NCI Tumor Signatures Meeting - Executive Summary
On October 11 and 12, 2018, the National Cancer Institute (NCI) convened a group of experts to discuss the current state of the science of mutational signatures in cancer research and related opportunities and challenges. The goals of the meeting were to:
- Identify major issues and future directions in the characterization of mutational signatures that could lead to new insights into etiology, outcomes, and risk factors for specific cancers.
- Encourage discussion to inform NCI priorities and frame critical research questions.
- Develop new collaborations to advance research on mutational signatures and their application in clinical practice.
Next steps to be considered by the NCI include the following:
- Increase integration with the field of cancer biology, including developing larger data sets and collaborations with basic scientists. NCI is developing an organoid library that might be useful to test exposures to different chemicals following exposure over time.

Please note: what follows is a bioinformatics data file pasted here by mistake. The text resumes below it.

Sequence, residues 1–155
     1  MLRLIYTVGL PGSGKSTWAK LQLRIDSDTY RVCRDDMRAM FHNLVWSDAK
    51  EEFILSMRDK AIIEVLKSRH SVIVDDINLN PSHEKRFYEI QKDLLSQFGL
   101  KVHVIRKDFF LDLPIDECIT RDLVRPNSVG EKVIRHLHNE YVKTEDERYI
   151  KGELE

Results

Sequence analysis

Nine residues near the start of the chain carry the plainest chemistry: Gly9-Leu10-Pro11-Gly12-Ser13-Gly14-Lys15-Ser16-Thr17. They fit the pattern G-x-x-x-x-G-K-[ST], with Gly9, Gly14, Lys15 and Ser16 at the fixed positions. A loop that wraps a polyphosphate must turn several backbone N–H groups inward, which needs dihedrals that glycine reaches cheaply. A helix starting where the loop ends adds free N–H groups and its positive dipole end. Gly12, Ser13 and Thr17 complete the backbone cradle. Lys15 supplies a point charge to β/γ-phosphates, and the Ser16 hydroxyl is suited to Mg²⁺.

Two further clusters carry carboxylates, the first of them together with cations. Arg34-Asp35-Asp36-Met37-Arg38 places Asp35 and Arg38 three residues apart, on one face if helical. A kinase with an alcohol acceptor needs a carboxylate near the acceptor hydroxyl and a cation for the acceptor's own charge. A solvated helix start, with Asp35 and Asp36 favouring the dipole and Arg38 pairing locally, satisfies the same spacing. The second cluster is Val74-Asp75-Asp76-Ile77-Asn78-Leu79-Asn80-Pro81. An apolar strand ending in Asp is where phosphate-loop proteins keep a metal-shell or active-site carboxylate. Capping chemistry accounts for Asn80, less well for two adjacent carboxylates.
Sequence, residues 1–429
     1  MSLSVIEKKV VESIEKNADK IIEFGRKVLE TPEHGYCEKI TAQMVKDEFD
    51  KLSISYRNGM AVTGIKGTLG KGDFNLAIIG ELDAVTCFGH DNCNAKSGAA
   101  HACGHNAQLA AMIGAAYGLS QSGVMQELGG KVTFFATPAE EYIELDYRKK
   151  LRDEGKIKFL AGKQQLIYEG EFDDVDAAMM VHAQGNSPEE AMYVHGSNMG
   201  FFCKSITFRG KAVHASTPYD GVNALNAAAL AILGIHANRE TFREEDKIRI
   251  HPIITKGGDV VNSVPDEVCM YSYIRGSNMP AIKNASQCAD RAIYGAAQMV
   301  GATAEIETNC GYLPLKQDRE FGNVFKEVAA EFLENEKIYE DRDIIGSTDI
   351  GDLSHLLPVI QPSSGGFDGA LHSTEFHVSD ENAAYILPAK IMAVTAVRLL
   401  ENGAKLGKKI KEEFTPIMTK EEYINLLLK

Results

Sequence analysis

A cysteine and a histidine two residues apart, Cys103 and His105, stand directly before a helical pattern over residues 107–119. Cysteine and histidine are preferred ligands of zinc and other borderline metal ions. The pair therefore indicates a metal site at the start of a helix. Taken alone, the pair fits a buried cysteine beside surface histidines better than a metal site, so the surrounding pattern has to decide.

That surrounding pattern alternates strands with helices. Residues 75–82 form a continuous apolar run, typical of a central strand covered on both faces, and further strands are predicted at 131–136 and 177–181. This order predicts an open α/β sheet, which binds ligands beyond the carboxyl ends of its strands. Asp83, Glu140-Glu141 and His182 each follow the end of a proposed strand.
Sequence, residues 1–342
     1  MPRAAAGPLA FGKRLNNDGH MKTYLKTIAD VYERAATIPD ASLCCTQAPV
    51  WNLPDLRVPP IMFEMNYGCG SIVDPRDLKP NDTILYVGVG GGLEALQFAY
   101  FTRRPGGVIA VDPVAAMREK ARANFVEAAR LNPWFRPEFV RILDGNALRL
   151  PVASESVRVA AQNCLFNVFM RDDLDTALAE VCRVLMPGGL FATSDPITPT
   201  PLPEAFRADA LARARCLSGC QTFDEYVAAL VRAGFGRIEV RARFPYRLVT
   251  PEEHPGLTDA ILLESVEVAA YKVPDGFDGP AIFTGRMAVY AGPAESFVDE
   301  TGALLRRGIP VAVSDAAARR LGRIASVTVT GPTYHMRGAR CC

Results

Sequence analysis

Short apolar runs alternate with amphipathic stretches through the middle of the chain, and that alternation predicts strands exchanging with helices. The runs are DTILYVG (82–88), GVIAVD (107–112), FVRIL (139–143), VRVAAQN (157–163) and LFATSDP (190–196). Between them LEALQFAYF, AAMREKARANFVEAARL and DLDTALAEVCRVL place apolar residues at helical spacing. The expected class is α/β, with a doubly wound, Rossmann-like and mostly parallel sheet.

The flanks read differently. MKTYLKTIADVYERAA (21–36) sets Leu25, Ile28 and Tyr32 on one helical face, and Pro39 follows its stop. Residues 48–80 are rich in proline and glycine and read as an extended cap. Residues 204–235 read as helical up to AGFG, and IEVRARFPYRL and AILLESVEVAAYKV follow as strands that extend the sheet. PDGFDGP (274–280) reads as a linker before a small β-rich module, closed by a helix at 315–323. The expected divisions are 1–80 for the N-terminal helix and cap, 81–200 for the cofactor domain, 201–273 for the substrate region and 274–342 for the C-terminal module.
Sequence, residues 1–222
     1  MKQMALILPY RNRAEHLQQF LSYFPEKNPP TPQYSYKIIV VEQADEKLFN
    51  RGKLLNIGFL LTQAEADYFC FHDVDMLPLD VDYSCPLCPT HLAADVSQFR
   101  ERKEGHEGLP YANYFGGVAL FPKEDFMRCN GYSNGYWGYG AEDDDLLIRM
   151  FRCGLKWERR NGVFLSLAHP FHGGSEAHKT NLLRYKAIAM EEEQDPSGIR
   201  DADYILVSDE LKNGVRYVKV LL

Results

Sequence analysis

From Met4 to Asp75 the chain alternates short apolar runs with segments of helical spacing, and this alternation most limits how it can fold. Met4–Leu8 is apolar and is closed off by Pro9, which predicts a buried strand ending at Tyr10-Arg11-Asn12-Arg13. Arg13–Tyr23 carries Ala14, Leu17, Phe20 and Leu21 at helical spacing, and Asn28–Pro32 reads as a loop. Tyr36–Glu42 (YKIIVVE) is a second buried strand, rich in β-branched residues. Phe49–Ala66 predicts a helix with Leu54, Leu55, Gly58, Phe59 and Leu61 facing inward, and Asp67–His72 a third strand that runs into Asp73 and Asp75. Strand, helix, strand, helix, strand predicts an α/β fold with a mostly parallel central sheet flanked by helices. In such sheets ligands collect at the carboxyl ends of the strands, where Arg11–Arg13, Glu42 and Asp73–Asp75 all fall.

- Evaluate current algorithms used to benchmark mutational signatures in coordinated competition open to entire community.
- Determine the relative importance of coverage of the cancer genome (targeted vs. whole genome) for signature discovery and assessment, especially in clinical settings. Pursue the question of how deep coverage should be through a separate NCI-supported competition.
- Determine how to assess and use Formalin-Fixed Paraffin-Embedded (FFPE) tissue samples.
- Increase the depth of understanding of somatic signatures through integration with the genomic landscape, examining mistakes/mis-repairs and the role of germline mutations.
- Determine the degree of precision for detecting signatures with respect to exposure/prognosis, beginning with known carcinogens.
- Investigate the possible importance of tumor signatures by disparities, especially geographic and environmental differences as well as migration differentials.
- Develop consensus on use of clinical signatures.
- Support studies to address reverse assessments to identify promising therapies or germline/environmental triggers.